Seems like we are increasingly faced with fewer people, less time, and smaller budgets, and must do more with less. As event management professionals, how do you make the most of what you have when you have it? Moreover, how do you maintain high-quality standards and excellent customer service when more and more the baseline is being able to achieve more with less?
Understand/Explain Why Resources are Scarce
Before you launch into planning an event, gather your team, speak with your client, and talk about WHY you may have strained resources. Everyone understanding the situation is critical for their buy-in. At this point, you should have nothing to hide. Be clear about where the priorities lie and be honest about why you are working this way. In most cases, people will understand and appreciate your candor.
Keep Motivated, Reward and Recognize and Avoid the Negative
Working with limited resources isn’t ideal, so acknowledge the extra effort needed. Encourage peer-to-peer appreciation and recognition. Also, get ahead of any negative talk that can ruin morale. In a stressful situation, it can be easy to focus on the bad and commiserate with others. This negativity can be poison to your efforts, teamwork, and event execution. If you get a whiff of discord, you should address it swiftly and keep moving forward.
Use Your Network
Don’t be shy to tap into your network to help you. While you can’t ask a peer or colleague to do the event planning for you, you can ask if they have been in a similar situation and how they got through it. Can you draw from their experience? Do they have advice or non-proprietary information they can share? Likely your network has been in a similar situation – maybe not the same – but close enough so that you could learn something. Asking for help doesn’t make you weak or lazy; a smart person knows when and how to ask for advice and assistance. As the saying goes, “…if, you want to go far, go together.”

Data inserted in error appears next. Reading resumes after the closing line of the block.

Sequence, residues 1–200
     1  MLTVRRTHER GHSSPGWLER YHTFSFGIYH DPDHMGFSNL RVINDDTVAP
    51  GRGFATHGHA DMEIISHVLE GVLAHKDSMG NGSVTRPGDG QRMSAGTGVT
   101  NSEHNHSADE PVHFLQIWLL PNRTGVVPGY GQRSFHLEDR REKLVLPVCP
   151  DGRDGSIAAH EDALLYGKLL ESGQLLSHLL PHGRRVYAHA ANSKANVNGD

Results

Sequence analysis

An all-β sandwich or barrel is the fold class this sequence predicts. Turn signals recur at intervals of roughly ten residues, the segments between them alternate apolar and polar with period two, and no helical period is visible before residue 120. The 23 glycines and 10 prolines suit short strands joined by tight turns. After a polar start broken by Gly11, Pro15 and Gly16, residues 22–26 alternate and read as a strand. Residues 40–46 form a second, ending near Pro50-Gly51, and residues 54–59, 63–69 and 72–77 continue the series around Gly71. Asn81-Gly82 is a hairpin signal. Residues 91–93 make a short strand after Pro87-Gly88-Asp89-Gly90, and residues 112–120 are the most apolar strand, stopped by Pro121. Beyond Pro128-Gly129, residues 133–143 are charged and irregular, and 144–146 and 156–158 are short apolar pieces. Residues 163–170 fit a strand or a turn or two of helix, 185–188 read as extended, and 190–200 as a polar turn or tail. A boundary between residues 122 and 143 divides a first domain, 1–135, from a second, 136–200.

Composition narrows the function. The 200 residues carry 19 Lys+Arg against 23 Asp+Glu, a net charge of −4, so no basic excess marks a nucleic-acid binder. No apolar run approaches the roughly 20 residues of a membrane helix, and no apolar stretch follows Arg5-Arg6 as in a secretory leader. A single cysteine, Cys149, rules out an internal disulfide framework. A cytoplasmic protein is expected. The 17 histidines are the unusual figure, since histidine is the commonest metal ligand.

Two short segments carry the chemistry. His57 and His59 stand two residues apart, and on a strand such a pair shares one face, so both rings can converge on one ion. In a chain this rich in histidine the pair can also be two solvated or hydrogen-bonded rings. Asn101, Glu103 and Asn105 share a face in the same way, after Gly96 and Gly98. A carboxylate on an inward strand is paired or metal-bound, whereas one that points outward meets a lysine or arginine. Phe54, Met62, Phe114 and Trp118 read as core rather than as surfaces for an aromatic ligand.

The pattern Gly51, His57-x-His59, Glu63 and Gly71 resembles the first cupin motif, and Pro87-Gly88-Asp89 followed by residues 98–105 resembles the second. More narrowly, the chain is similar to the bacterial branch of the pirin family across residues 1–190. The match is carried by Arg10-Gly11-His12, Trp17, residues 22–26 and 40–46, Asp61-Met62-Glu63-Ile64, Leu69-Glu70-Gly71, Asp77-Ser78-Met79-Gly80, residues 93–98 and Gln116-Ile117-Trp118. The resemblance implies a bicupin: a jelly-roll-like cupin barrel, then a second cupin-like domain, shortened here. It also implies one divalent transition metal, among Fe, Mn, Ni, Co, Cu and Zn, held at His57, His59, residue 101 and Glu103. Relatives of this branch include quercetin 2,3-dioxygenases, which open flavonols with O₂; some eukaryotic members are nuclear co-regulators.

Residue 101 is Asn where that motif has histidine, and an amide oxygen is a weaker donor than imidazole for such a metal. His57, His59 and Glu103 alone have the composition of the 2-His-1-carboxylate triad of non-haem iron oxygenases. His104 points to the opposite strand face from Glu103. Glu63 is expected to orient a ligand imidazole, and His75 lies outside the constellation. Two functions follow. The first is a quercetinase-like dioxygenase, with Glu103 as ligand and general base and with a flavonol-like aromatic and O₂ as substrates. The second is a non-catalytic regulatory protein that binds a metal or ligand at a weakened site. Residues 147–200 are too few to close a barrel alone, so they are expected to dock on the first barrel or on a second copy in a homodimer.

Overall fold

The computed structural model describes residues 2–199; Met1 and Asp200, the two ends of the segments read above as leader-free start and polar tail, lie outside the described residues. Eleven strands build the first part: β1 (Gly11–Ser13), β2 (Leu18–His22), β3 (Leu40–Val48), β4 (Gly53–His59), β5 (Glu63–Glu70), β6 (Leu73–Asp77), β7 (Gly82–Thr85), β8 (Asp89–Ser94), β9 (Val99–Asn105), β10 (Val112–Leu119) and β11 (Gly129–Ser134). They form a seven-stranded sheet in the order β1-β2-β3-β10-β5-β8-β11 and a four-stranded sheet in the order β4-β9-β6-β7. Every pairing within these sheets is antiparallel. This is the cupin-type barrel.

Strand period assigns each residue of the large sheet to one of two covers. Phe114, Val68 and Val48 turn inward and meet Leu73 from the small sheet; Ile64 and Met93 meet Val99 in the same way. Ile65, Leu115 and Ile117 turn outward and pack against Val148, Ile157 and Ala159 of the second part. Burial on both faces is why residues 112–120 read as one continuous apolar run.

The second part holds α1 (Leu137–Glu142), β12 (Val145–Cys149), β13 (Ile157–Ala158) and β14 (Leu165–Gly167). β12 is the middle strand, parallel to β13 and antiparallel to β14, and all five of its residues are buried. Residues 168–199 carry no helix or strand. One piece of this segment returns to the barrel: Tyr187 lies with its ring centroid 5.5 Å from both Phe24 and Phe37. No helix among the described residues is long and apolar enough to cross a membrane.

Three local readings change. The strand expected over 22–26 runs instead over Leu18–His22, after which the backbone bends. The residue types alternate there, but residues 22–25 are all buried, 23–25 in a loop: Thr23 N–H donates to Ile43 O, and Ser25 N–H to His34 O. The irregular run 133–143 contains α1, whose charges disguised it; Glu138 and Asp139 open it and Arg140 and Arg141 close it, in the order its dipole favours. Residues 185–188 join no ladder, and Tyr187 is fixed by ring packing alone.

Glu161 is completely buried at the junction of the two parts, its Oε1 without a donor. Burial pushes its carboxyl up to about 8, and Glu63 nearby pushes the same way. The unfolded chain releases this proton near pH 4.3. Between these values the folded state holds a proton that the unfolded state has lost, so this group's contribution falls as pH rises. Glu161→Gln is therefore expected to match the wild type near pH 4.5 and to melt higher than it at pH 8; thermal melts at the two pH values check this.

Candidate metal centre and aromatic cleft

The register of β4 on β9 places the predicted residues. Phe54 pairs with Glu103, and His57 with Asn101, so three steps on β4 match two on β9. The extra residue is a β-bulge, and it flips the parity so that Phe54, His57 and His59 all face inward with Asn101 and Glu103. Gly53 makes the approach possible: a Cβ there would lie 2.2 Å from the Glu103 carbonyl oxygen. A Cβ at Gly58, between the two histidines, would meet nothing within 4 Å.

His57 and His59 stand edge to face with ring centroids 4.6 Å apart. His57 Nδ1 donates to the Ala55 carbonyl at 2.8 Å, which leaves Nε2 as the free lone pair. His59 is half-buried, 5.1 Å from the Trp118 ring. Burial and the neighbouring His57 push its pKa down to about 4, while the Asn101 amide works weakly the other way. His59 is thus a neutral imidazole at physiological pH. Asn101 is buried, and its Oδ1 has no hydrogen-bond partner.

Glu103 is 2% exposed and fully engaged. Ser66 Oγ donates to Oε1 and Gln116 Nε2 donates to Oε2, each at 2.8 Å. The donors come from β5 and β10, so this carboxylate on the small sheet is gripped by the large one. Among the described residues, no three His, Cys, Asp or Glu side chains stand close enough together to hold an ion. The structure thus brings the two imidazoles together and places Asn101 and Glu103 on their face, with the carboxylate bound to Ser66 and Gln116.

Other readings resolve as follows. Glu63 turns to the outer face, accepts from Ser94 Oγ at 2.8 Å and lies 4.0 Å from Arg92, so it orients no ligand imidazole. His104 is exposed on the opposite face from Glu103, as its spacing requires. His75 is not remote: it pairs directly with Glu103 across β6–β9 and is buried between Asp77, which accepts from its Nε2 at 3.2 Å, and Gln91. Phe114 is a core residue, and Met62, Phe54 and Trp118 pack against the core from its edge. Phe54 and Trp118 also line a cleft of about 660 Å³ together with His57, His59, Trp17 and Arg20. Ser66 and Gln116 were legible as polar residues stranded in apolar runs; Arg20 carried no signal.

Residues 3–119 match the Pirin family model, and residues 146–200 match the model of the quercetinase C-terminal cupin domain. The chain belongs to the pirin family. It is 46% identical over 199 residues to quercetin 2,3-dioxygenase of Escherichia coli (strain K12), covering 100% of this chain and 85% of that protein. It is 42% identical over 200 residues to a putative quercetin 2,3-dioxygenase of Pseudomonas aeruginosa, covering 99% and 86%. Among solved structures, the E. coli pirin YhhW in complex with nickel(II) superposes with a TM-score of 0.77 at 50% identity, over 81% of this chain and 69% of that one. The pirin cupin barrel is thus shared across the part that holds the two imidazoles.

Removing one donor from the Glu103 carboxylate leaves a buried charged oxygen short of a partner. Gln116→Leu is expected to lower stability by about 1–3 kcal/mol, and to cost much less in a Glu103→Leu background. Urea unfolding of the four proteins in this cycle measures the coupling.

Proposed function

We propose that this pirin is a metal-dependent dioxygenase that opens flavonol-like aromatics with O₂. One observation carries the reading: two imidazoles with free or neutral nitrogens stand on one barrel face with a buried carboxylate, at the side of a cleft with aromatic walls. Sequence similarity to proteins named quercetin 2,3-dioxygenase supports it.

Know Your Limits
There may be goals that are simply out of your reach with the resources you have. If that is indeed the case, you’ll have to accept that and adjust from there. That is not to say “just give up” but rather be realistic with what you have and how far you can take this event. Also, if you can pinpoint the resources you need like a bigger budget, more time, more people – then you’ll have a better position to negotiate from if you get the opportunity. Don’t be afraid of the challenge but be honest about what you can accomplish.
One could easily make the argument that there is never enough time, people, or budget. However, if you use some of these techniques to help you through a tight event planning project, you might be surprised about what you can accomplish. Set your realistic goals, stay positive, keep yourself motivated, and power through it. Also, you might learn something along the way, too!
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